DEBT AND DECISION-MAKING: THE IMPACT OF STUDENT LOAN DEBT ON UNDERGRADUATES' CHOICE OF MAJOR, VOCATION, AND POST-COLLEGE PLANS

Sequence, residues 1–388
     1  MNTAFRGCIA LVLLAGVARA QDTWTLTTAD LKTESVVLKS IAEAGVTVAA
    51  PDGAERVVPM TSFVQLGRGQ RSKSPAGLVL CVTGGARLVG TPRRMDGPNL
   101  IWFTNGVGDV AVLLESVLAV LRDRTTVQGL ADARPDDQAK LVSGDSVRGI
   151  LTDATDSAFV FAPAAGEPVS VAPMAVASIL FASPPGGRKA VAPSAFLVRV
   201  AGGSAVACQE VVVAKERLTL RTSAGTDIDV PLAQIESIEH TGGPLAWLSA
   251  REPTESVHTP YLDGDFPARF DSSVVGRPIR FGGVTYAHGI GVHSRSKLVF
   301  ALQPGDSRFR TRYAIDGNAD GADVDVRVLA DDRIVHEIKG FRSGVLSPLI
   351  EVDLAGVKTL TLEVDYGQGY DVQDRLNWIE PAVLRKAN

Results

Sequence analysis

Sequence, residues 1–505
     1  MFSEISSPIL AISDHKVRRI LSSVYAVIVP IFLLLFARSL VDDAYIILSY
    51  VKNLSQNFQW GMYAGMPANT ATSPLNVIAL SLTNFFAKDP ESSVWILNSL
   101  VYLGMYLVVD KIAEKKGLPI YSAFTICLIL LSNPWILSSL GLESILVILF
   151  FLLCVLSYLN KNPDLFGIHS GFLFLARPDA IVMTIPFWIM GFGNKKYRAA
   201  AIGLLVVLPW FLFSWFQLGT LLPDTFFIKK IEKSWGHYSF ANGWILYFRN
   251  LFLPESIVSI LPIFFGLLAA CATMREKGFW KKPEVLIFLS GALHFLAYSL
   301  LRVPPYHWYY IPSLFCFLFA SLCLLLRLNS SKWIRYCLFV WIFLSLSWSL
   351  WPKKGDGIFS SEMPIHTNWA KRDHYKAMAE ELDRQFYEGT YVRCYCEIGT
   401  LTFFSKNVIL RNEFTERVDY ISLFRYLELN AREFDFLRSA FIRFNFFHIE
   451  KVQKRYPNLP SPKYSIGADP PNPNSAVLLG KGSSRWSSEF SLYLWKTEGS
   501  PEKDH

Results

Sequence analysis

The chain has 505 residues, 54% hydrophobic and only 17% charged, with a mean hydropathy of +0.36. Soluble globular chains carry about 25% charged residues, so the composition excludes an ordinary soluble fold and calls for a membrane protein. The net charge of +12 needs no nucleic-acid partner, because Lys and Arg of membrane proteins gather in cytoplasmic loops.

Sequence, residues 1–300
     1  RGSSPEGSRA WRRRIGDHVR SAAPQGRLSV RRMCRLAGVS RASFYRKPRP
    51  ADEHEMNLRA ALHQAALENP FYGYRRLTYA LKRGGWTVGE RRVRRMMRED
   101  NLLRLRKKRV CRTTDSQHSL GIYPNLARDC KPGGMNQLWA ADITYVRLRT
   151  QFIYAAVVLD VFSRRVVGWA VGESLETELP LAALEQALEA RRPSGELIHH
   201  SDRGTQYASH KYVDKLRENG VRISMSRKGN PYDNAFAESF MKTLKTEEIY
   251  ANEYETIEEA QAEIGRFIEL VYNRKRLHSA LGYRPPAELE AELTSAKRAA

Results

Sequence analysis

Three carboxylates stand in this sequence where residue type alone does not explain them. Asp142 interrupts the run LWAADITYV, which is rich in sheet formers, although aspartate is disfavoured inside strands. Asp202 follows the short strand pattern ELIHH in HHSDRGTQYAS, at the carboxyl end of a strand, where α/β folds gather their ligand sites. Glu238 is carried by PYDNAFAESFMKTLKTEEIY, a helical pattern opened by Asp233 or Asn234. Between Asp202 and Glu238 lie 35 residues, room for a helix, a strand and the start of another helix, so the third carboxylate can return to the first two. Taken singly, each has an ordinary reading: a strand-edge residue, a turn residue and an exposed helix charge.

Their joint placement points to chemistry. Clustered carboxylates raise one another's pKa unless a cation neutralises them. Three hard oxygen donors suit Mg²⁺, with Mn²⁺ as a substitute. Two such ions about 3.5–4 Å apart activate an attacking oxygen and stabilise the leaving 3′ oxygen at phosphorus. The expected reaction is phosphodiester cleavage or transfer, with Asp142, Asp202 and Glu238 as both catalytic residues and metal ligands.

Much research has been conducted on the effect of undergraduates' socioeconomic status on their experience in college, including their choice of major and vocation (Duffy & Sedlacek, 2007; Goyette & Mullen, 2006; Trusty, Robinson, Plata, & Ng, 2000). However, there is little research that indicates how undergraduates' degree of indebtedness affects their choice of major and career path. Furthermore, there is conflicting research about how undergraduate indebtedness impacts post-college plans (Millett, 2003; Nettles, 1989; Schapiro, O'Malley, & Litten, 1991; Weiler, 1994). To address these topics, this study analyzed the responses of 687 traditional-age undergraduates at three institutions to the Survey on Student Finance and the College Experience. The researcher found that there was a significant positive association between participants' anticipated debt level and major choice as well as career choice. Furthermore, there was a significant positive association between anticipated debt level and major choice among participants who anticipated that their parents would pay back most or all of their student loans. Additionally, the participants who least often indicated plans to go to graduate school immediately were medium-debt and high-debt participants. Similarly, the participants who most often indicated plans to get a job immediately were medium-debt and high-debt participants. Also, there was significant positive association between participants' debt level and the extent to which they indicated that their post-college plans were influenced by their debt. Finally, participants turned to certain resources to discuss their student loan debt more often than others, such as their parent(s), the financial aid office, and their academic advisor. The participants who utilized these resources found their parent(s) to be the most helpful in affording them a better understanding of their debt. As college costs and undergraduates' debt loads continue to rise, the findings of this study can inform the policies and practices of institutions of higher education, specifically in meeting the needs of their indebted students.